Autonomous Underwater Vehicle (AUV)
RFP*: AUV(Autonomous Underwater Vehicle)
* RFP is an acronym for Request For Proposal. Internationally, RFPs are called ITTs, an acronym for Invitation To Tender governmental agencies use RFPs to solicit new business.
INTRODUCTION AND OVERVIEW
The Space and Naval Warfare Systems Center (SSC) was created to encourage the development of technologies which facilitated the acquisition, transmittal and processing of information for the U.S. Navy.
The SSC has begun work on a new sea lab located, 20 miles off the south coast of New Fronts Ports, Florida. The new facility currently serves as home base for scientists, technicians and engineers charged with the facilities completion. When fully operational the base will serve as a port for naval and marine research. Completion of the new site poses many challenges for those teams assigned to complete construction. It is remote and the weather is brutal.
In order to free up the station’s personnel for more important tasks, the SSC has requested a proposal for an autonomous underwater vehicle (AUV) that will be able to perform specific tasks at the sea lab and help speed completion of the project.
The winning bid will be the one that is both innovative and cost effective. SCC anticipates using this robot on all its sea labs in the future. Please describe your company and its lead employees and discuss other projects you have completed that are similar to this one. Please refer to the specifications that follow as you prepare your proposal. The format outlined in the Technical Communication section of this manual is the one you should use.
Design a robot using MLCAD as your primary design tool. Your team must build a model of your design using the materials provided. A RoboLAB program that will direct the robot's movements must be created. A cost estimate of the robot's components must be provided. All revisions to the original design must be recorded and explained: this includes technical design drawings, as well as cost estimates. All revisions to the RoboLAB program must be recorded and explained.
The AUV must be able to navigate autonomously around the test tank. The robot must achieve at least in 5 minutes. The tasks may be selected from the list of tasks below. The dimensions of the robot may not exceed one foot in any direction. There are three categories of AUVs; skimmer, diving, and ground. Skimmer robots are those which travel strictly on the surface of the water, deploying cranes, booms, or tow lines to accomplish their tasks. Diving robots are those with the ability to adjust their depth in the water, artificially hovering over and under obstacles. Ground AUVs are robots which only have the ability to operate on the bottom of the water and do not have the ability to control their depth in the water.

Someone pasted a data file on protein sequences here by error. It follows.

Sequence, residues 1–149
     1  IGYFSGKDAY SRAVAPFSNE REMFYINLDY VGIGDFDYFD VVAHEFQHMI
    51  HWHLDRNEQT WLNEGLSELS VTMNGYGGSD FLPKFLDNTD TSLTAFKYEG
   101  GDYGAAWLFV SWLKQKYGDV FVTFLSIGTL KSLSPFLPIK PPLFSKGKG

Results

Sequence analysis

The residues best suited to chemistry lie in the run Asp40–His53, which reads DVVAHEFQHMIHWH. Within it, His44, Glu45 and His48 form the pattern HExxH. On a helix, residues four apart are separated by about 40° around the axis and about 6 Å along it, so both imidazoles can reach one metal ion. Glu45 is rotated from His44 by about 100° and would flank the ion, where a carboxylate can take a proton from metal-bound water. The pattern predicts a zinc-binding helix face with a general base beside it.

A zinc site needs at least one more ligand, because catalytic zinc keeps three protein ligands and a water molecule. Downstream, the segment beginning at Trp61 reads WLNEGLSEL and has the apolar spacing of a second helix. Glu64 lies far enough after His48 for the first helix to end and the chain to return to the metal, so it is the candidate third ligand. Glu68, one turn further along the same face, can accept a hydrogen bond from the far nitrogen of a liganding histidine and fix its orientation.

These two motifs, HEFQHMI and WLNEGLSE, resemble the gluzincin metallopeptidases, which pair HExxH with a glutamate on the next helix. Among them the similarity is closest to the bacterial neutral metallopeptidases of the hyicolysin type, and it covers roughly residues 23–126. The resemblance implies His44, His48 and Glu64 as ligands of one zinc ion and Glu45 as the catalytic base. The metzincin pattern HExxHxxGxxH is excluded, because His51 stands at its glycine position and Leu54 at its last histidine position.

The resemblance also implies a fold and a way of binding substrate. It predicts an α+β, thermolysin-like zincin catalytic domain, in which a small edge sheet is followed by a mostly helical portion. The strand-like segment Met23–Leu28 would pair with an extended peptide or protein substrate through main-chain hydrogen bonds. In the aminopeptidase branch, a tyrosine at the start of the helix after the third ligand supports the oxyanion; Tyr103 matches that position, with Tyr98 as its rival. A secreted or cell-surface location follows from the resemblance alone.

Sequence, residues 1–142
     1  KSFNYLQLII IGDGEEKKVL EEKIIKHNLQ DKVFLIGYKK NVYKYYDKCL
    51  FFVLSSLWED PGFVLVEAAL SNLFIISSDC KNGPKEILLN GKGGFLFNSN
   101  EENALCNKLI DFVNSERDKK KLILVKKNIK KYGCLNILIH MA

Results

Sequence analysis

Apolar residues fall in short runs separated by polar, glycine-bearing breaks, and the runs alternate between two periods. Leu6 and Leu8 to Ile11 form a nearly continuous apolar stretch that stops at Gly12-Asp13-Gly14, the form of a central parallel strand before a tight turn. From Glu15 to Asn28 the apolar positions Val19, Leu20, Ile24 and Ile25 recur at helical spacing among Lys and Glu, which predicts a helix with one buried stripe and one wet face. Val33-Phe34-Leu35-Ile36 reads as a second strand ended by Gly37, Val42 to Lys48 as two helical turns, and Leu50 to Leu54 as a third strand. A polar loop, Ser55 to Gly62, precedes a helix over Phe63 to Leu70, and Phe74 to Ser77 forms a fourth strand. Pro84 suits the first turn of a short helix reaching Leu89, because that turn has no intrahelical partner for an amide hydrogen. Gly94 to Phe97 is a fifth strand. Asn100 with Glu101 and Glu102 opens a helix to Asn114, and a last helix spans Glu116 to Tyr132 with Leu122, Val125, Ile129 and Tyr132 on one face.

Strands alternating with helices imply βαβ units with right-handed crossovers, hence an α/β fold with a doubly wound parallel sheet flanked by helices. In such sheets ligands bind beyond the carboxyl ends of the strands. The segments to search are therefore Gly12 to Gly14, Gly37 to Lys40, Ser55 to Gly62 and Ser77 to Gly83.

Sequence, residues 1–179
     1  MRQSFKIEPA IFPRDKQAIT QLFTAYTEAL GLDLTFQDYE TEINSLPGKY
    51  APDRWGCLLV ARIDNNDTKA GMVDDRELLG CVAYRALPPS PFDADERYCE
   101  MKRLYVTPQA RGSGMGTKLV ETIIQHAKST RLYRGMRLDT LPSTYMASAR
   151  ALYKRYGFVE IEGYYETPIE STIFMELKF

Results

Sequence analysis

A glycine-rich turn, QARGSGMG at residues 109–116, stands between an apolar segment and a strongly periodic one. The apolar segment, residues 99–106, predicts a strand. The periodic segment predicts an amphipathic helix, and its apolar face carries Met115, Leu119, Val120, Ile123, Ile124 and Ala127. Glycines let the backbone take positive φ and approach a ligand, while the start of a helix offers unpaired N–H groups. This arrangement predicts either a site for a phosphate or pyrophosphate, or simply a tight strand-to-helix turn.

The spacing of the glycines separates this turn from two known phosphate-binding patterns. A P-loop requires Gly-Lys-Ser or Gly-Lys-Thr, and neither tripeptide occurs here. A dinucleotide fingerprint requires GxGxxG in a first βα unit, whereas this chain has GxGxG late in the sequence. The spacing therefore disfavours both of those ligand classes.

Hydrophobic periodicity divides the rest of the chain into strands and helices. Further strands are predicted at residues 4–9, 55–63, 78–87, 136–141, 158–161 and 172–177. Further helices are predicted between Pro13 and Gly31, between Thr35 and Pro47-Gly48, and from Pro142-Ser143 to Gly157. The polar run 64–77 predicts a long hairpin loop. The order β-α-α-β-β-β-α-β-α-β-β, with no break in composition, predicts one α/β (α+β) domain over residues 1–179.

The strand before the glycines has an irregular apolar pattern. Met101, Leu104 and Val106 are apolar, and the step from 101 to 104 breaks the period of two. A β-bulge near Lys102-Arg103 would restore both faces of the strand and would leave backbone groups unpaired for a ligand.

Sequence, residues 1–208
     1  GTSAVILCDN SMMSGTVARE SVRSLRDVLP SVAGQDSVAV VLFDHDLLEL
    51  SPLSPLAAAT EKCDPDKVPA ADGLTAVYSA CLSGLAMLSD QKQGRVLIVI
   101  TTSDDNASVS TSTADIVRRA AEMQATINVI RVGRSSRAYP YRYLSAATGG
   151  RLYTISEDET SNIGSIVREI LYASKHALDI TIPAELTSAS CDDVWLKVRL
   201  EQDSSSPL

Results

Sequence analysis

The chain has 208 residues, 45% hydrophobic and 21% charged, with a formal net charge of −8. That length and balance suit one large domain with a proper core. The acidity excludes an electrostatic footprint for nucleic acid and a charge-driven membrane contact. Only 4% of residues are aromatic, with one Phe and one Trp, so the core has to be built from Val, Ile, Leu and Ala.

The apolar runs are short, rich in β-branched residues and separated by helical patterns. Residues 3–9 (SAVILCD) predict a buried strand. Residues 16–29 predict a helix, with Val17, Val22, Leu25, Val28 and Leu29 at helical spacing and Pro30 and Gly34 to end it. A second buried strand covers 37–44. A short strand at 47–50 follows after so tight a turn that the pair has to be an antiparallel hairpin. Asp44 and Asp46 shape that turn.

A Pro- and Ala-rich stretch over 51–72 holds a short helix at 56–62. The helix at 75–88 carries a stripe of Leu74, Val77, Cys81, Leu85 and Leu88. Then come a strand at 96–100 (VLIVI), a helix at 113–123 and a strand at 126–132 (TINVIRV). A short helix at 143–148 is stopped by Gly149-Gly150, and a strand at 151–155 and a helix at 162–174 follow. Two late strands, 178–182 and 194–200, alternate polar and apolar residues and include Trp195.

These specifications must be met for final commissioning. Please refer to the course syllabus for all due dates.
Objects are placed at different locations across the terrain. The completion of each task listed below has a specified point value. Task numbers correspond to the location numbers on this map. Point values are also noted.
Other course features
Only the specified waterproofed sensors may be used. The RCX must be enclosed in the modified Pelican 1010 case at all times when testing. Tethered robots are allowed but the RCX (inside the modified Pelican) must be inside the fish tank and not touched by any person. A TA must check and approve your design before your first initial testing.
The AUV robot may start in any location and depth in the starting zone, however the robot may not be touch any of the field objects during the initial start.
The robot program may not be altered or switched during any part of the mission. Likewise, the robot must be fully autonomous and therefore cannot be touched by any person during testing.
If at any point water is spilled onto the RCX, power down the RCX and remove its batteries. DO NOT turn the RCX on again. Contact a TA immediately and they will perform the necessary procedure to preserve the electronic device from damages.
For safety reasons the use of the AC adaptor is strictly prohibited for the AUV project while in the room 573A. The AC adaptor is connected directly to a 120V AC source that could lead to serious injury if contacted with water. Also only the specified waterproofed sensors and cases may be used in the test tank.